Court gives Commission seven days to respond to charges about irregularities in the way revised ownership report was developed.
With the July 8 deadline for filing commercial ownership reports fast approaching, we have a new development to report: the U.S. Court of Appeals for the D.C. Circuit has ordered the FCC to respond to claims that the revised Form 323 filing requirements – and particularly the requirement that all “attributable” principals provide their social security numbers (SSNs) – were not imposed lawfully. While it’s impossible to predict what the Court will ultimately do, the fact that it has asked the FCC for its side of the story suggests a level of judicial interest which should be of concern to the Commission.
The Court’s involvement was sought by Fletcher Heald, together with a number of state broadcast associations and broadcasters. In May they filed a petition for writ of mandamus asking the Court to step in to compel the Commission to comply with required procedures before forcing anybody and everybody with any “attributable” interest to cough up their SSNs to the agency.
We have been following the problematic history of the FCC’s efforts to revise its ownership report (Form 323) for commercial broadcasters for more than a year. Any readers new to the situation can catch up by taking a romp through our past Form 323 posts here.
A petition for mandamus is what the Court terms an “extraordinary” request in which the petitioner asks the Court to force the agency to comply with statutory requirements which the agency appears to be ignoring. Unlike the more conventional appellate process – which routinely contemplates that the FCC must make its case in a responsive brief before the Court will act one way or the other – the mandamus process does not guarantee any response from the FCC. To the contrary, the Court can, and often does, simply deny or dismiss a petition for mandamus with a two or three sentence order without bothering the Commission at all.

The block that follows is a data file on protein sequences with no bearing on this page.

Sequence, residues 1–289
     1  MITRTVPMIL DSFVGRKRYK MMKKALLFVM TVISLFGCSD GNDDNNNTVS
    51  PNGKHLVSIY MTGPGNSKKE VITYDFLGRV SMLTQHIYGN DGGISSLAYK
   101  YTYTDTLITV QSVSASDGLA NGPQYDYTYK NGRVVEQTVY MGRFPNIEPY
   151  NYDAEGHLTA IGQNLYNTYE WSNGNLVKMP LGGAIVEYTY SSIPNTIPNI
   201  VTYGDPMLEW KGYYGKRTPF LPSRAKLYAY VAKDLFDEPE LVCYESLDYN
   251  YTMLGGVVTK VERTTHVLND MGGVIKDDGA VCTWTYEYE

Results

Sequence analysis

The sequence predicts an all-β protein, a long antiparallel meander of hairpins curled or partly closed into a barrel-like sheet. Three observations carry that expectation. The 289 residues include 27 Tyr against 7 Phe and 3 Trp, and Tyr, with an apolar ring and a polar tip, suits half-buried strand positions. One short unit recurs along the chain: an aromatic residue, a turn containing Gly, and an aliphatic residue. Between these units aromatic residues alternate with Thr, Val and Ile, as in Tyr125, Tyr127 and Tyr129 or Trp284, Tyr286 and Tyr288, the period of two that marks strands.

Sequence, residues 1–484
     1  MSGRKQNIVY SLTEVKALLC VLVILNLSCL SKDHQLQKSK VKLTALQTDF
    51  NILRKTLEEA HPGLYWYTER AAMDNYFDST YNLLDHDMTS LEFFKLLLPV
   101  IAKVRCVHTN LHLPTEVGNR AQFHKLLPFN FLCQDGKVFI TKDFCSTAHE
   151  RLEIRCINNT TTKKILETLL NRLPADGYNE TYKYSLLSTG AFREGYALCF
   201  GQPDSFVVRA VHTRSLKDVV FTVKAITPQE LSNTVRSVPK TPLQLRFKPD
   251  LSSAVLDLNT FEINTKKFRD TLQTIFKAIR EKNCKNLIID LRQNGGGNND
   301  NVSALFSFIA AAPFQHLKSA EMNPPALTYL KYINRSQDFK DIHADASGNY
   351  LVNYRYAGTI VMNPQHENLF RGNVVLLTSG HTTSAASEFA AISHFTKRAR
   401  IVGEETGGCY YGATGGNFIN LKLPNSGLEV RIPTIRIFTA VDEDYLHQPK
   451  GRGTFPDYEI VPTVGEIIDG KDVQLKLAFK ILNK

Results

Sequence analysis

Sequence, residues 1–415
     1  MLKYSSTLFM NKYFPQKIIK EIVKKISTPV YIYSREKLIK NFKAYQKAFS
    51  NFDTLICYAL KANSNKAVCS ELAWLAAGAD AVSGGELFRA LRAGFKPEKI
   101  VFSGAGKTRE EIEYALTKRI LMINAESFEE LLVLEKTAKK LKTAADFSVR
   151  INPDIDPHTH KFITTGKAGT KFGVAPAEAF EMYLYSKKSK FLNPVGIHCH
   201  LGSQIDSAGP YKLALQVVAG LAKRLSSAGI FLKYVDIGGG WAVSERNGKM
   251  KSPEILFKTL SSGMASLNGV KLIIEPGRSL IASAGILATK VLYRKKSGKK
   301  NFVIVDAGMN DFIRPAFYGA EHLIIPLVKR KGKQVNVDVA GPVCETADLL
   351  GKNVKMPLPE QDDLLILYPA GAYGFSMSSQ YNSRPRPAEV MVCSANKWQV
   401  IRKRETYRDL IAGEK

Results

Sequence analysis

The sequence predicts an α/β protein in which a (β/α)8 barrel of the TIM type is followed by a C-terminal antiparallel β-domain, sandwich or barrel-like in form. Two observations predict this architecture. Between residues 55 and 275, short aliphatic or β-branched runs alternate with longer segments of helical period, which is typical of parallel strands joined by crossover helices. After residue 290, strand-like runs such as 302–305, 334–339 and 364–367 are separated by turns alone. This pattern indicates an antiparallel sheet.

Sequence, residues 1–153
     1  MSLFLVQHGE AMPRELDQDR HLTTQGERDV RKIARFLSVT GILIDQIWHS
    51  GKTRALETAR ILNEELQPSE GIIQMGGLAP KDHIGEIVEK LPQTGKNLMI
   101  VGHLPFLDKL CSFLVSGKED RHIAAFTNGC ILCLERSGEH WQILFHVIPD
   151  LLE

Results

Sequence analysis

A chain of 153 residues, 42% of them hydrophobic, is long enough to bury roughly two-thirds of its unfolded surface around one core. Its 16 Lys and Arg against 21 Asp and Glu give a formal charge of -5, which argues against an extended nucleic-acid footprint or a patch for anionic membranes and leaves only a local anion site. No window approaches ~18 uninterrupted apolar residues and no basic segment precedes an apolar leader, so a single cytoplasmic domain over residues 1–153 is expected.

But the Court’s rules provide that a petition for mandamus will not be granted unless the agency is given an opportunity to respond. That’s one reason the Court’s order directing the FCC to respond to the FHH et al. petition is of more than passing interest. Throw in the fact that the Court’s order gives the FCC a mere seven days in which to respond, and that interest grows: such an abbreviated response deadline at least suggests that the Court may be looking to assemble a complete record and act on the petition in advance of the fast-approaching due date (currently July 8) for filing reports on the revised Form 323.
By our reckoning, the FCC’s response to the Court’s order will mark the first time that the Commission will have had to address, in a formal presentation, the unusual – and, in the view of a number of observers, unlawful – approach by which it has tried to force all “attributable” principals to give the FCC their SSNs. Anyone who has been following this story will want to check back here next week to see what the FCC has to say.